Aug 22

Who did what to my database and when…

One of the most popular questions on forums / SO etc is, “How can i find out who dropped a table, truncated a table, dropped a procedure….” etc.   Im sure we have all been there,  something changes ( maybe schema or data ) and we have no way of telling who did it and when.

SQL auditing can get you there, and i’m not suggesting you shouldn’t use that,  but what if that is not setup for monitoring the objects you are interested in ?

If you look back through my posts, I have been quite interested in ScriptDom and TSQL parsing,  so if you have a trace of all the actions that have taken place over a time period, you can parse the statements to find the activity.

Drawing inspiration ( cough, stealing ) from Ed Elliot’s dacpac explorer,  I have created a git repo for a simple parser that is created using T4 templates. T4 templates are an ideal use here as the full language domain can be exploded out automatically and then you as a developer can add in your code to cherry pick the parts you are interested in.

At this time the project has hooks to report on SchemaObjectName objects , so any time any object is referenced be that in a CREATE, SELECT , DROP, MERGE …  will fall into the function OnSchemaObjectName and  OnDropTableStatement that will be hit when DROP TABLE is used.

This is not intended to be a full end to end solution, not least as the SQL to be parsed could be coming from and number of sources,  but if you have the skills to run it as is , you probably have enough to tailor it for your requirements.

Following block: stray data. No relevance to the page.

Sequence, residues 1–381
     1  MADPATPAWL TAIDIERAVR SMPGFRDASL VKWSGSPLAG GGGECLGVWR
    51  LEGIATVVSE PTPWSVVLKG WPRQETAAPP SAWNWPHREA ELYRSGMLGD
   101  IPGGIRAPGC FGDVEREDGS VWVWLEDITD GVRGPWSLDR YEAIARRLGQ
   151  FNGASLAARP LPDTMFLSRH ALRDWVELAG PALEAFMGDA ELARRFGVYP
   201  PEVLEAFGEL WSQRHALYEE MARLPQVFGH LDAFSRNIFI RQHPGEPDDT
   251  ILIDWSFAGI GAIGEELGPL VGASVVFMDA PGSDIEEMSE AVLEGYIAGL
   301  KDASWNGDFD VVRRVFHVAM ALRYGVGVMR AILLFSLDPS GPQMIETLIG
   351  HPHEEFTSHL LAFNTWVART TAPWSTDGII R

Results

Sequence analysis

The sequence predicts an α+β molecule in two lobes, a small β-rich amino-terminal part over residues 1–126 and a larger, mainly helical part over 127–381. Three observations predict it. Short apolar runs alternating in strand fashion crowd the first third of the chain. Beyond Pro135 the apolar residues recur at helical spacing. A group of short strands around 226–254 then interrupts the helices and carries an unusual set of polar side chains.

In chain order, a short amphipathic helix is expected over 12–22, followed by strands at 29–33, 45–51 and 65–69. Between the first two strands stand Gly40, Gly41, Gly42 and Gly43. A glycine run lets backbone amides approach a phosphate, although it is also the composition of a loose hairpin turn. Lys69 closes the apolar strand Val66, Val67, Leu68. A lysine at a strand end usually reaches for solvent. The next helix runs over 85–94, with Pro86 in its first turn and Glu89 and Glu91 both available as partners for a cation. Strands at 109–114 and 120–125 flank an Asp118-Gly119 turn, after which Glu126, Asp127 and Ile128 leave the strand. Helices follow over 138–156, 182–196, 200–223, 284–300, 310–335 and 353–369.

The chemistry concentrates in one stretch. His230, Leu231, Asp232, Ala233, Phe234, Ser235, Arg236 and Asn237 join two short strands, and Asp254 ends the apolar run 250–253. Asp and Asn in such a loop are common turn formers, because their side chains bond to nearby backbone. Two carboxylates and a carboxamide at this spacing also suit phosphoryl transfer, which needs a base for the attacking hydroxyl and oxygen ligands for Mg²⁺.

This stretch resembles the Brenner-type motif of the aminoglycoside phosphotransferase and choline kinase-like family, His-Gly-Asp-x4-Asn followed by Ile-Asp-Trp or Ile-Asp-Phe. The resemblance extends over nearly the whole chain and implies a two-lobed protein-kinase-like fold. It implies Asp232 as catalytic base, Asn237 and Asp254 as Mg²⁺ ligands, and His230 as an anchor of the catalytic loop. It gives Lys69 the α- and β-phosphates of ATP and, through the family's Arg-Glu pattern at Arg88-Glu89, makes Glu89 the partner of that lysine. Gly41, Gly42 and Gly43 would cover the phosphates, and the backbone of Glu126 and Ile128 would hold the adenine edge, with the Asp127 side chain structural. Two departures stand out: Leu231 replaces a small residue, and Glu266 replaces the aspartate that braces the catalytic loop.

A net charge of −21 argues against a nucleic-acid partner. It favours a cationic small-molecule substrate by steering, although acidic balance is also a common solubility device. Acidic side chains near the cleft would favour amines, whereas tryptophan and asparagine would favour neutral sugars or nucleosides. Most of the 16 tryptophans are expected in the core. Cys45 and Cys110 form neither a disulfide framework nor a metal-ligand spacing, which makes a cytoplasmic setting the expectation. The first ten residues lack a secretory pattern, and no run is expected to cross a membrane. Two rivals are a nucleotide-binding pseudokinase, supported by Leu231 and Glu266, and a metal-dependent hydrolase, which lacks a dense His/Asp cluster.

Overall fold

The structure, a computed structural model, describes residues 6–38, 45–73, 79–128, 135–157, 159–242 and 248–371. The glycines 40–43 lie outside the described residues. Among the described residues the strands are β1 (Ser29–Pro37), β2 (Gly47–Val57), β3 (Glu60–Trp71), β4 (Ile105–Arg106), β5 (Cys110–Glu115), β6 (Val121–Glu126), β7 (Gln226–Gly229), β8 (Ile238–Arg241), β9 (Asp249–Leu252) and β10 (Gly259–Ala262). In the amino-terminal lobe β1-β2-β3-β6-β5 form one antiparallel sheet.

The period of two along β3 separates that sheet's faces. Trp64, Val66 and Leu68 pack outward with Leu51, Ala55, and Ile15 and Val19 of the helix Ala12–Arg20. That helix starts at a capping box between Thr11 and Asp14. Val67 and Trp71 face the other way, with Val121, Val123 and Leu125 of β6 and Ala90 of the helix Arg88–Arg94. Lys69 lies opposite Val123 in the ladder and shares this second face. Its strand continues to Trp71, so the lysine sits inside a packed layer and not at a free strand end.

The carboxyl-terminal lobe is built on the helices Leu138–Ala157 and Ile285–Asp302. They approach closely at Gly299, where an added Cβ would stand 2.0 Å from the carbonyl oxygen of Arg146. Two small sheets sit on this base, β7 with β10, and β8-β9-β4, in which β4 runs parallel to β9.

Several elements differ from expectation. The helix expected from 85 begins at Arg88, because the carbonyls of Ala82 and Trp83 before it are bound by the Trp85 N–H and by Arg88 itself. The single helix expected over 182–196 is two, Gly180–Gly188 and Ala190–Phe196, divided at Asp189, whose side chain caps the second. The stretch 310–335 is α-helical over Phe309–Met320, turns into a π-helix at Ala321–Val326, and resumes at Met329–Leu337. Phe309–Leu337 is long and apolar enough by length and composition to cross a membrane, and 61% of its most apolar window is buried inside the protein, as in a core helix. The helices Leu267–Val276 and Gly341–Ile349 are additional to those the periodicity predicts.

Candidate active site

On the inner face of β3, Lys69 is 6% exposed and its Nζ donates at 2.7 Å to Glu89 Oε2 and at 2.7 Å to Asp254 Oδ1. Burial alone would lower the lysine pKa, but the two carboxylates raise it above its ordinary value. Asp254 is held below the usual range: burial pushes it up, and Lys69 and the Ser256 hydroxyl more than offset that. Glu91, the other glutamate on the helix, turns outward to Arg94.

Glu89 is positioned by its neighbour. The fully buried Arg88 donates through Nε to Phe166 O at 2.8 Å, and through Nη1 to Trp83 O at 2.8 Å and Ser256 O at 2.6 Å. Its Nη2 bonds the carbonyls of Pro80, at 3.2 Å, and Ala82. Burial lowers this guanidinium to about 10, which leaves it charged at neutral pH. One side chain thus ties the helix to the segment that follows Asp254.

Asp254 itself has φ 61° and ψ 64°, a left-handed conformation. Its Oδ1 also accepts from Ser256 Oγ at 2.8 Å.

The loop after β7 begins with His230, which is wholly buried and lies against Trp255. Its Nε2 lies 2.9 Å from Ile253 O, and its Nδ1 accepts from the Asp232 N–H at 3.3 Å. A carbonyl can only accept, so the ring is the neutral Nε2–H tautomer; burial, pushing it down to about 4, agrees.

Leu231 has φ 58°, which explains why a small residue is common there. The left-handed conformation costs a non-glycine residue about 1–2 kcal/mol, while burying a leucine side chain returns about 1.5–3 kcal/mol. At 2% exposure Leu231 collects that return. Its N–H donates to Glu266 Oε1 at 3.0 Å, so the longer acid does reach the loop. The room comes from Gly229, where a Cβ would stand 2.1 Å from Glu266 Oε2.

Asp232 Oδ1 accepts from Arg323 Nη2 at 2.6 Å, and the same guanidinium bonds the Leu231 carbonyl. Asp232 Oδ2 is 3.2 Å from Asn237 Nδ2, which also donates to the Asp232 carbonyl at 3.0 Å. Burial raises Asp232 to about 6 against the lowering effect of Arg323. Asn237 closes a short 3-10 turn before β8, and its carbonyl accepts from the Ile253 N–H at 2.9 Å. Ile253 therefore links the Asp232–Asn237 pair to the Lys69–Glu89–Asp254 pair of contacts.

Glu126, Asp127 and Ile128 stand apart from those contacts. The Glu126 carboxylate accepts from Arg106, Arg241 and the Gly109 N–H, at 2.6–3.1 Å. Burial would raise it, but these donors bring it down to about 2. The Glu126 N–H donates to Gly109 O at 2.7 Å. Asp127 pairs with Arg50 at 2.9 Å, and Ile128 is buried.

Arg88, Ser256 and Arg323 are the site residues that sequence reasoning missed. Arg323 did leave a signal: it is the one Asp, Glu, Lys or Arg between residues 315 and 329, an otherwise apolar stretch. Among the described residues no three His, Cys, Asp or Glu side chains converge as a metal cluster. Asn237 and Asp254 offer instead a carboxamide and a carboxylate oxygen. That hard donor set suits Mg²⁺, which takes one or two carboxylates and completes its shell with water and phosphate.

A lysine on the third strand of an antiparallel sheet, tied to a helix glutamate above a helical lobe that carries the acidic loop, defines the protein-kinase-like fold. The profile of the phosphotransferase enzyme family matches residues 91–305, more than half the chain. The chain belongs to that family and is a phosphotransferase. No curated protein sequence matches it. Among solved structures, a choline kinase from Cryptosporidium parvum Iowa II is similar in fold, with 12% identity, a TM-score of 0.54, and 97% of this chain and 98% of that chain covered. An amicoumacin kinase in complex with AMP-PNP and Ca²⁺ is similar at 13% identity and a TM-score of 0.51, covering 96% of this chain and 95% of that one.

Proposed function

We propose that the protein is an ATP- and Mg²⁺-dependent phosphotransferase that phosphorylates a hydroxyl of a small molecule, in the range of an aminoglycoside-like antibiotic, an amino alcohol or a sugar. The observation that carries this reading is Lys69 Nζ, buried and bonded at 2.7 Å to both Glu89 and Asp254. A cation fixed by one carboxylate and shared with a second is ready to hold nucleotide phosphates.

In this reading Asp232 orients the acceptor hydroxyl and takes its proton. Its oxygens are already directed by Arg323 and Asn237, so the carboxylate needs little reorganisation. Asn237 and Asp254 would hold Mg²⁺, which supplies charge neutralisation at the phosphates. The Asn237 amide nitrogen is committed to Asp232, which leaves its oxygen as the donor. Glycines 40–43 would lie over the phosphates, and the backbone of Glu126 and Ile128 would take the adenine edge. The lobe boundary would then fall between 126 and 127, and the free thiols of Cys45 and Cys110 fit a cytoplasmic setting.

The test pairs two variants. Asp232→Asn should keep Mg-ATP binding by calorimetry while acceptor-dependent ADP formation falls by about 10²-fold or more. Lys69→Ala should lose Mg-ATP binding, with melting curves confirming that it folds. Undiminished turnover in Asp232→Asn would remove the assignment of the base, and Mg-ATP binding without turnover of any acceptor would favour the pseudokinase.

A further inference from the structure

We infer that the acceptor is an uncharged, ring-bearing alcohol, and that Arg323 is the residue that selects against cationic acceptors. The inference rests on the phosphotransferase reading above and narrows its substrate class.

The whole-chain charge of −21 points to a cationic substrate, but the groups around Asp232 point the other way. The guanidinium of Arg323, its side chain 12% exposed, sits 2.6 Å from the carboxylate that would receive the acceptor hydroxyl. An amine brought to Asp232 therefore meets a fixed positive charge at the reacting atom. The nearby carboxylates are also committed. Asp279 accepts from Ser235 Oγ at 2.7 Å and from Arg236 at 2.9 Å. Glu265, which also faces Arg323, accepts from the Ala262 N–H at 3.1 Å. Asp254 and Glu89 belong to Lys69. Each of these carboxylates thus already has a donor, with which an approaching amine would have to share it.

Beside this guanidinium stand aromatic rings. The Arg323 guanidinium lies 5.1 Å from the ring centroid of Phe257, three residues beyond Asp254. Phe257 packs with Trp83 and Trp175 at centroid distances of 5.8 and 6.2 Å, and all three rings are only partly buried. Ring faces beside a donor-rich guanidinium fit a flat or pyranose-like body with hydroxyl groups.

As ever,  let me know what you think and any comments gratefully received.

The github repo is   :


Jun 17

Why is creating excel sheets from SSIS so hard ?

If there is one process that should be simpler than it is out of the box, it is creating Excel spreadsheets from SSIS.   Over the years i’ve tried doing it a number of ways, using the built in component,  Interop , OLE DB etc all suck to one degree or another.  Either unreliable or to slow or simply unusable.

A twitter conversation, A) proved I wasn’t alone and B) Pointed me in the direction of EPPlus.

Over on SSC there is already a post on using EPplus with SSIS, some of which, such as putting EPPlus into the GAC, is still relevant for this post.

However, right now, i have a big love of BIML, simply put i think that this is what SSIS should have been in the first place and I personally find all the pointing and clicking a real time sink.  Additionally,  in BIML, one you have written a package to do something , ie a simple dataflow, its a snip to repeat that over 10, 20, 50 , 100 or 1000s of tables.  But the real time saver for me is when you need to re-architect,  ie turn sequential dataflows into a parallel dataflow.  Its only really a case of changing where you iterate in your BIML code.

Anyway,  i’ve combined these two pain points to create a BIML routine that uses EPPlus to output multi-sheeted Excel spreadsheet reliably and fast.

At the moment its very basic , take SQL statements and output the data to an excel file, but in time i will be hoping to create some meta data to start ‘getting the crayons out’ and making them look a bit more pretty.

Code is on GitHub at ,  hope this of use to someone.